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Expropriated Peasants. Rural credit, indebtedness and land seizure in the Middle Ages

A major factor in the development of agricultural capitalism was the disposses¬sion of the peasantry. Sooner or later, in most of western Europe, peasants were expro¬priated from their lands, which were subsequently concentrated in larger holdings, owned and managed by rich farmers, urban landlords or lords.Expropriation took many forms, one of which was the seizure of peasant land through indebtedness, given as a guarantee of loans received or sold in order to repay the creditor. The importance and extent of rural credit in the Middle Ages, as well as the generalization of peasant indebtedness have long been known. However, the consequences of insolvency and non-pay¬ment, and in particular the seizure of the debtor’s assets, have been less studied. In fact, the confiscation and legal sale of the debtor’s goods in order to pay the creditor and settle the debt gave rise to a wide circulation of effects and properties in two circuits: a very dynamic second-hand market, only recently attracting the attention of historians and important for historical awareness of material culture and consumption patterns, and an equally very active peasant land market, both of plots and holdings, which has been a significant research focus for histo¬rians for a number of years. In this session we plan to compare different practices, situations and logics, and draw more general conclusions about the role of rural credit and indebtedness and on the peasant land market in medieval European societies.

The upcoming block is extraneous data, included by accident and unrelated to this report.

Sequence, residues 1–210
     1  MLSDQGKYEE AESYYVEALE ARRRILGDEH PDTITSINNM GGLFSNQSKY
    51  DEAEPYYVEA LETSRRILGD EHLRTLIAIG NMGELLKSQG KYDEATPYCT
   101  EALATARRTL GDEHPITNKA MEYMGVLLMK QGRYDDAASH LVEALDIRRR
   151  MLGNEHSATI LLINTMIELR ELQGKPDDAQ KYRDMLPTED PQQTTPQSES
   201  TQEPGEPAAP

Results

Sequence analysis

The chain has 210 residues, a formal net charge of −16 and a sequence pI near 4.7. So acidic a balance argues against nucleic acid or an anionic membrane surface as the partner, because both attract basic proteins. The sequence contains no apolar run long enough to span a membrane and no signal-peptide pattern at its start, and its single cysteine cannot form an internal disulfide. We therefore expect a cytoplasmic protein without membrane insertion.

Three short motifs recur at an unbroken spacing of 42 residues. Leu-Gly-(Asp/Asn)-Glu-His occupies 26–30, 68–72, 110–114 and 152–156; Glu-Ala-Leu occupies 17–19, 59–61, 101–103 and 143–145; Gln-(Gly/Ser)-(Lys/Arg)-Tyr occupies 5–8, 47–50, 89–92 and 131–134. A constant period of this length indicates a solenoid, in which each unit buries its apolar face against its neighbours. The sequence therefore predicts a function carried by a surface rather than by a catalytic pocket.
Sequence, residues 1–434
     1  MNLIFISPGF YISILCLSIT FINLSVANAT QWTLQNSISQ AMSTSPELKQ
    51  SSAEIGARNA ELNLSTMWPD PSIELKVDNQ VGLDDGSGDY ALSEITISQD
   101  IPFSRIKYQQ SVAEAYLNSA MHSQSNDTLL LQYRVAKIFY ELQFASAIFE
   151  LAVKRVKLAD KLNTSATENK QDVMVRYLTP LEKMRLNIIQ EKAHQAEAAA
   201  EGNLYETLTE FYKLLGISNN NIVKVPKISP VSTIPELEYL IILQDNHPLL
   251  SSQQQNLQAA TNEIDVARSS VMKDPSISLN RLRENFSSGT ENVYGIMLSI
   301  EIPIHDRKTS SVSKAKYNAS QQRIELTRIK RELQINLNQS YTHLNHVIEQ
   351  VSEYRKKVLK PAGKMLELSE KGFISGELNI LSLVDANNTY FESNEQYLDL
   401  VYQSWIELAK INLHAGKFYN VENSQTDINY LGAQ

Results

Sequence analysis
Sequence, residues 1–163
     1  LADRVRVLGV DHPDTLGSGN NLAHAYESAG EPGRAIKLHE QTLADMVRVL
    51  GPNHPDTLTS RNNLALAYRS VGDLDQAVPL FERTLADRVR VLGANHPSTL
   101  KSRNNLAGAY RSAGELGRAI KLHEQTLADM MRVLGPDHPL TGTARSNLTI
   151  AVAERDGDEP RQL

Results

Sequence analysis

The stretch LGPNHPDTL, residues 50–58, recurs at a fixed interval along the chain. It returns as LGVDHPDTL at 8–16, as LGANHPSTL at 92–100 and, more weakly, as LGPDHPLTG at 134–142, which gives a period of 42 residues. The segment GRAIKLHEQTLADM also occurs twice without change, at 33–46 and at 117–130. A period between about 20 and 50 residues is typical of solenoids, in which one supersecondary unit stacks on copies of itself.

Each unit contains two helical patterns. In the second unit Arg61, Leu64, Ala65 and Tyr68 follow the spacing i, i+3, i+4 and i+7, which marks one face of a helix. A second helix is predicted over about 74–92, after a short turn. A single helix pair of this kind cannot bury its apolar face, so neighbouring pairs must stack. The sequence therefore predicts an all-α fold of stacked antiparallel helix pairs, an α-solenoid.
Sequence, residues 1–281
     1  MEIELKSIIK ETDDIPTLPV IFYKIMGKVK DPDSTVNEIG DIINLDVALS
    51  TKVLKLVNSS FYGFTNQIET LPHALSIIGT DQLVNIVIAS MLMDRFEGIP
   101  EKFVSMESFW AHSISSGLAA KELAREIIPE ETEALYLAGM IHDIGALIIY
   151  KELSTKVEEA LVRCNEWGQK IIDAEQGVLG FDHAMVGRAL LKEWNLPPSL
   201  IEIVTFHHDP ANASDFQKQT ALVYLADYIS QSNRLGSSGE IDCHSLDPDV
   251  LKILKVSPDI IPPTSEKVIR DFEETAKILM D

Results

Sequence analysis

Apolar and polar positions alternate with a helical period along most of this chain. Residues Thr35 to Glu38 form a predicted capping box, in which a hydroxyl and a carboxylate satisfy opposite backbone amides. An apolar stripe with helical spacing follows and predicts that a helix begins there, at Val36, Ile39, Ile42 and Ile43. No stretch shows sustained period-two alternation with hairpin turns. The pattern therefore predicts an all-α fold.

• Antoni Furio, University of Valencia,, Spain
  • Phillipp R Schofield, Aberystwyth University,, UK

Session members

  • Mattheu Arnoux, EHESS,

Proposed discussant(s)

  • Antoni Furio, University of Valencia,
  • Phillipp R Schofield, Aberystwyth University,

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  • Antoni Furio, University of Valencia,, Spain
  • Phillipp R Schofield, Aberystwyth University,, UK